The SIX talking points from Preston North End's 2-0 loss to Middlesbrough
Preston North End were beaten 2-0 by Middlesbrough on Tuesday night, conceding twice but also receiving two red cards.
The Lilywhites started on the front foot before a freakish own goal from the boot of Jordan Storey was sliced past the helpless Daniel Iversen.
Before half time North End were reduced to 10 as Alan Browne was sent off and at the break, manager Alex Neil was also shown a red card.
Marcus Tavernier doubled Boro's lead in the second half to put the game to bed.
Here are six talking points from the game...
1. A slice of bad luck.
Jordan Storey and PNE were very unfortunate to see the defender's attempted clearance slice off the outside of his boot and past Iversen in the North End net.
Up until that point the visitors had been the better team, were lively in possession and looked to be building on a promising start.
The nature of the goal seemed to sum up Preston's plight of late.
They were doing all the right things, they looked like a completely different team to the one that slumped to defeat against Wycombe and then in a rare Middlesbrough attack they're behind.
At that point it's always going to be a tough ask against a well organised Neil Warnock side who are still hoping to reach the play-offs.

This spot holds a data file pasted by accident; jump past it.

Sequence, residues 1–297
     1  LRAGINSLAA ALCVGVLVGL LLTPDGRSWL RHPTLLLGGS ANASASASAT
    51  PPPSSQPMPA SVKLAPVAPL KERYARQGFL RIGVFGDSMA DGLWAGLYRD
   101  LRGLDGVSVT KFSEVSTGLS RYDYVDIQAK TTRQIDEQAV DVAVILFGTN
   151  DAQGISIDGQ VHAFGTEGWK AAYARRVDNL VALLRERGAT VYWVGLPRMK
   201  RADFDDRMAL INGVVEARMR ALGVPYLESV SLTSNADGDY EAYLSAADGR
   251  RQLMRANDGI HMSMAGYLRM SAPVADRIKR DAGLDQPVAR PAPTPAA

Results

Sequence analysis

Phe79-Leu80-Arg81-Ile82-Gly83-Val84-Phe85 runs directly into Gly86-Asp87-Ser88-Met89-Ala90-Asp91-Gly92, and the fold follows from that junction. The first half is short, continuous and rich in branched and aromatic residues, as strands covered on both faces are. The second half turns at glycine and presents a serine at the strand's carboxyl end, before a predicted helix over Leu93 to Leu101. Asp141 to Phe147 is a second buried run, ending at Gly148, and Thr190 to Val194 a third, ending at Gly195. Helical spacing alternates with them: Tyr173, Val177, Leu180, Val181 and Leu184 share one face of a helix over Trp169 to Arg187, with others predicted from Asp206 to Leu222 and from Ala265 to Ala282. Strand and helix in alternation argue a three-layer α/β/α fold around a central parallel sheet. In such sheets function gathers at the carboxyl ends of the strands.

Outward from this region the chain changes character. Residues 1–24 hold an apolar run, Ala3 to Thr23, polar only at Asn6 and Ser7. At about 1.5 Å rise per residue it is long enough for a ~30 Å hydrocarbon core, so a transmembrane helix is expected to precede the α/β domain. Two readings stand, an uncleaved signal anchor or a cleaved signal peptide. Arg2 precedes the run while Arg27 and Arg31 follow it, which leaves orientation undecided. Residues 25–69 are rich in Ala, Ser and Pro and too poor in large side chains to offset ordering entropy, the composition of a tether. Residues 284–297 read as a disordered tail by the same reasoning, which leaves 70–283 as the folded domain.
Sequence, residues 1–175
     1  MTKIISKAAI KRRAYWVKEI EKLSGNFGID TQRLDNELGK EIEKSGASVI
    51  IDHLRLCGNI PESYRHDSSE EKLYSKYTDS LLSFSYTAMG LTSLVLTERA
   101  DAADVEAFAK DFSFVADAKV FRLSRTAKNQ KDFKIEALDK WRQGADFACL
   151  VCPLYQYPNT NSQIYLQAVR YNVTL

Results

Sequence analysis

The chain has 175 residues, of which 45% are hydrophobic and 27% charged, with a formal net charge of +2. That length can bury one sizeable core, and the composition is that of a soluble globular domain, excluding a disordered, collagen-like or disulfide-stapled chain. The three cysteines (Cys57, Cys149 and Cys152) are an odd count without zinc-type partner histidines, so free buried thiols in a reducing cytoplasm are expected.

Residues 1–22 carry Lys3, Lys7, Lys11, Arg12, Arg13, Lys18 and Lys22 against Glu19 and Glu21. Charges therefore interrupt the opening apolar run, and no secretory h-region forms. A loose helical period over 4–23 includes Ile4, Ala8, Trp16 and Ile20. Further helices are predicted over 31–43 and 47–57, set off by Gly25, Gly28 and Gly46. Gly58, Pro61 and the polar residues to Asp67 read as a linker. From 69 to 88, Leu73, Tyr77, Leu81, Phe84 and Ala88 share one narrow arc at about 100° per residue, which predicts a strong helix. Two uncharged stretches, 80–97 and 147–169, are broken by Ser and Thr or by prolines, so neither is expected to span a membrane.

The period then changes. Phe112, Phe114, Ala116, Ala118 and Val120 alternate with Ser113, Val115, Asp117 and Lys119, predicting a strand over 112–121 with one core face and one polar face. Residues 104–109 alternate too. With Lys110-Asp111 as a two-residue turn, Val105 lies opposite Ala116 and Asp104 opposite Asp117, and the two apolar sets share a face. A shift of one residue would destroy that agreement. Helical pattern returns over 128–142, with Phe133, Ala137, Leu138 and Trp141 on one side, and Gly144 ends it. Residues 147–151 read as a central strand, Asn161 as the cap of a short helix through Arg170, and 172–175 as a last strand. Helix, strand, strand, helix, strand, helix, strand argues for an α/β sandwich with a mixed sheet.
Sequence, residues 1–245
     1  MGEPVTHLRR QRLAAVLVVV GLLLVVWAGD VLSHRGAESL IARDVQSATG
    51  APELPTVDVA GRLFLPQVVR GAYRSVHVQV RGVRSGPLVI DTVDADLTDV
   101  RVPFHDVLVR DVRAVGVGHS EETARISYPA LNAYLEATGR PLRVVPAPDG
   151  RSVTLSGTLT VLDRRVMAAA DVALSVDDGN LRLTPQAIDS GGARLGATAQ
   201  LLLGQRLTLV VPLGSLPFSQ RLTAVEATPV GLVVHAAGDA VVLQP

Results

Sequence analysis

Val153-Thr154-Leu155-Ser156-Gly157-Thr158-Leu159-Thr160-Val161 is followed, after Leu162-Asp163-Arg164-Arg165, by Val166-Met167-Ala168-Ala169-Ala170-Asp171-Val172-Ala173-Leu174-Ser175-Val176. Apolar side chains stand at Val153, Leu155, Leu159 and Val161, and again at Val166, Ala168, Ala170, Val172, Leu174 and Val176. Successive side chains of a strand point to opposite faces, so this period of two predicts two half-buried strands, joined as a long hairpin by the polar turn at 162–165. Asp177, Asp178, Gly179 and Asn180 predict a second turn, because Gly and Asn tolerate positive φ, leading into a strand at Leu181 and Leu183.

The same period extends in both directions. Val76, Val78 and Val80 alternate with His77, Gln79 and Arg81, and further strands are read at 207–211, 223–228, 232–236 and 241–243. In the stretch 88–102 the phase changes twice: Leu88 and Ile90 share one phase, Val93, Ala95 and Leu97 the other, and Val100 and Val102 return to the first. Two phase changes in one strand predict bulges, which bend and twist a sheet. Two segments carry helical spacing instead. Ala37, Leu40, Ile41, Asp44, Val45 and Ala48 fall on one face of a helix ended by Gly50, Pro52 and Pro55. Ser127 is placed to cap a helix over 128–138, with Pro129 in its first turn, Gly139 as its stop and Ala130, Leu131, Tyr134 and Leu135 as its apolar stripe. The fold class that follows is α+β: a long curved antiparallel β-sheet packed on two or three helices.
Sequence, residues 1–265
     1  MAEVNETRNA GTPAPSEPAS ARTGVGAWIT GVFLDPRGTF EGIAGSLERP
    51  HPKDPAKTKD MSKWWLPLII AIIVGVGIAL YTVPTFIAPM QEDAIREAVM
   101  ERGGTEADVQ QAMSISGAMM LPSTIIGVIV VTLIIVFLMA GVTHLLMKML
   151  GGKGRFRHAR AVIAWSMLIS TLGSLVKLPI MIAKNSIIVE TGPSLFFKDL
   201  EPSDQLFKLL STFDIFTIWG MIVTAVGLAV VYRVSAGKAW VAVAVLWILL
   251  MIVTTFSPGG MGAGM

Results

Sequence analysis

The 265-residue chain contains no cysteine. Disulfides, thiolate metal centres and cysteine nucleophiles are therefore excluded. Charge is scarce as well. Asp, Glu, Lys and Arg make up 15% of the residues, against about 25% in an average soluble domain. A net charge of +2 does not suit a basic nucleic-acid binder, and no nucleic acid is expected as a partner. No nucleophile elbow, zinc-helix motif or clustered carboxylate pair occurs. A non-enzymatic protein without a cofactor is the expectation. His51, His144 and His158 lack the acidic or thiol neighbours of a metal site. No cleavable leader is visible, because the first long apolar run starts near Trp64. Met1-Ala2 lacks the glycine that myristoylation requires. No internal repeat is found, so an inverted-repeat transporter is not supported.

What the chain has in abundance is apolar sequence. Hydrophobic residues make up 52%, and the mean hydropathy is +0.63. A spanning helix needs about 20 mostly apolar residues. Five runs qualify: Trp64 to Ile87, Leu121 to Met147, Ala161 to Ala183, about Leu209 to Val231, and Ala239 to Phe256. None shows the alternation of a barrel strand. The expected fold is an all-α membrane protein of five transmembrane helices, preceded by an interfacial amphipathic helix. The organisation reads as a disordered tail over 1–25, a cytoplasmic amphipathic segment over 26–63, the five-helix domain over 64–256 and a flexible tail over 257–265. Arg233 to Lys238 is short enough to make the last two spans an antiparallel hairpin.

It's also a disappointing scenario for Jordan Storey who has been good since, once again, coming in from the cold to step up to the first team.
A couple of inches in any direction and the ball may have landed harmlessly elsewhere - as it was, North End then needed two to win and goals aren't exactly flowing naturally for them.
2. The first red card.
Alan Browne spoke in the week about the need for the players to step up, though the criticism of him saying that and getting himself sent off is harsh.
No one forced him to react to Sam Morsy, he did get himself sent him off.
However, how many people would not react when someone has not once, but twice swung an elbow in their direction?
In reality, a red apiece was probably the correct decision. Of course, that wasn't the case.
It's petulant to kick out, it puts the other 10 players under more pressure and makes the task even harder, but it's a human reaction.
Browne is a player that has given a lot, and then some more, for this football club and the aggression and passion he showed is part of what makes him the battler and leader in the middle of the park most weeks.
He'll be a miss for PNE and will have a good few weeks now to wait to get back into action and put it right as the international break looms.
3. The second red card.
Things went from bad to worse for North End at the break - a man and a goal down, their manager is then sent off too.
Accounts from Alex Neil and from Paul Gallagher who was with the Scot as he was sent to the stands are that the PNE boss was calm in his approach to referee Oliver Langford.
All in all, it seems a bizarre situation.
Neil had not been sent off in his managerial career prior to Tuesday's game and is generally quite reserved on the touchline, particularly towards officials.
But in that moment, it compiled the current mess North End find themselves in, struggling for form and consistency, they were down their captain and their manager.
Neil was stood low down in the stands and was virtually next to the subs, and in an empty stadium, it hardly hindered his voice being heard.